Die ScoreAnswer


6Yes, And…
5Yes
4Yes, But…
3No, But…
2No
1No, And…


What about twists?  Well, whenever I throw 5d6 to resolve a question, I ensure three of the dice are one color (usually white) and the remaining two dice share another darker color.  If the darker dice are both same number on a roll, then this indicates a story twist.  The original question can still be resolved normally regardless if the dark dice come up doubles but with an unexpected turn.

If a twist is indicated, I roll 5d6 and rank order them again.  Only one die score is used again but the rank order is not automatically Rank THREE as when answering a question.  Instead, at the beginning of each story segment, the "twist-rank" starts at Rank FIVE  and decreases as the segment progresses.  I track the Twist-Rank with a different color/size/type die.  This ensures a lot of loose ends get generated at the beginning which hopefully point toward a coherent story as the segment continues.  The following table explains how to read the die score if a twist roll is made:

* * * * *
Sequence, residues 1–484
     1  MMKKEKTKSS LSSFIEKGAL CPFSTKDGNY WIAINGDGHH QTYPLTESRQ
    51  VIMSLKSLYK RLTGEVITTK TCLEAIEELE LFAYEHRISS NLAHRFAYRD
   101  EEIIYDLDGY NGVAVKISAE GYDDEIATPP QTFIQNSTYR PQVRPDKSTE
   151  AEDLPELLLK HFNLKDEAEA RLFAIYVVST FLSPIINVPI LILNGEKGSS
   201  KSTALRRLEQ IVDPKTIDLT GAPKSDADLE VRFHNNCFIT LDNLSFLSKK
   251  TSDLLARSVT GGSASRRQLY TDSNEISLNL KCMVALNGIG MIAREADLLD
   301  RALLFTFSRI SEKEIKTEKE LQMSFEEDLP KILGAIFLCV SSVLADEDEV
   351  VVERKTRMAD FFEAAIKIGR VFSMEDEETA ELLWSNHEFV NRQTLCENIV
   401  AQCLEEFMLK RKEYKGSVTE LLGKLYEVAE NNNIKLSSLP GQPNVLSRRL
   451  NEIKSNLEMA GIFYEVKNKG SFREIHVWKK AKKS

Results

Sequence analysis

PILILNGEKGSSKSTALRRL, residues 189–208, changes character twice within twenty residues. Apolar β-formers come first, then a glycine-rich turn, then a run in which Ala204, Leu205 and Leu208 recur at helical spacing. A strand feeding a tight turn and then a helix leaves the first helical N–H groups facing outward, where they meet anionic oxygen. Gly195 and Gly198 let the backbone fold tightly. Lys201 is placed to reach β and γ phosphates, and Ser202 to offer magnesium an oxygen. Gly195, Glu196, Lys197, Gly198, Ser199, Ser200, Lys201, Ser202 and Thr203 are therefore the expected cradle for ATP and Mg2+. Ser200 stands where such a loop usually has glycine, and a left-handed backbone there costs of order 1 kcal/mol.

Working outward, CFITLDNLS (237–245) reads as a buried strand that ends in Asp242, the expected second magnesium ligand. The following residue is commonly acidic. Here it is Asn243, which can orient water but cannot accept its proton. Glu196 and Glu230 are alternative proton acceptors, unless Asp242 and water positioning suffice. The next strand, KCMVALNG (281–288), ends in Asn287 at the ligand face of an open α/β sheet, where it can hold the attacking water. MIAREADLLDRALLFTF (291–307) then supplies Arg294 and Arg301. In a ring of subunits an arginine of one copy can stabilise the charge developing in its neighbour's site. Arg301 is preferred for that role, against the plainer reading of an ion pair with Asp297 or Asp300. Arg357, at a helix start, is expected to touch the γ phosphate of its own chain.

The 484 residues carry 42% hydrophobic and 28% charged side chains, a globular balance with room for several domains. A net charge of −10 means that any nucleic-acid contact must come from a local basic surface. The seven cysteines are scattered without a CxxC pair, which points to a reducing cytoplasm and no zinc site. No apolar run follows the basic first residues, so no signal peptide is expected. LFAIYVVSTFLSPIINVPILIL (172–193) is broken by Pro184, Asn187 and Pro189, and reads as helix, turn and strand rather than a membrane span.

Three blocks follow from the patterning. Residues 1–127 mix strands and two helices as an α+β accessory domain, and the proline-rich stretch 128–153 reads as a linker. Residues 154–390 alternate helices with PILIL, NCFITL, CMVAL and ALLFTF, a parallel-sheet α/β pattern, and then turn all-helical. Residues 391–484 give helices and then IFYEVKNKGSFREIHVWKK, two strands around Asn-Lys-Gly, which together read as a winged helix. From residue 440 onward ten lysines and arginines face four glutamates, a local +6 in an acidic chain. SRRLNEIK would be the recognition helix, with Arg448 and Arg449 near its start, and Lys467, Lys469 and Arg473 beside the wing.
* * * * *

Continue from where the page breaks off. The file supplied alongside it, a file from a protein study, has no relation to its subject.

Die Score   Result

6                 Fade Out
5                 Suddenly! (New Character[s])
4                 Suddenly! (New Character[s])
3                 Suddenly! (Conflict)
2                 Suddenly! (Existing Character[s])
1                 Back to Our Story

Here's what these mean…

Fade Out: Immediately decrease the Twist Rank by one (minimum Rank ONE).  The current scene is suspended and a new one is started.  This new scene is either concurrent (Meanwhile…) or in the past (Flashback!).  Another 5d6 roll on a new table is necessary to determine the new scene type (see below).

Suddenly!: Immediately decrease the Twist Rank by one (minimum Rank ONE).  Something immediately changes or is revealed in the scene and the focus of the change/revelation is indicated in the parenthesis.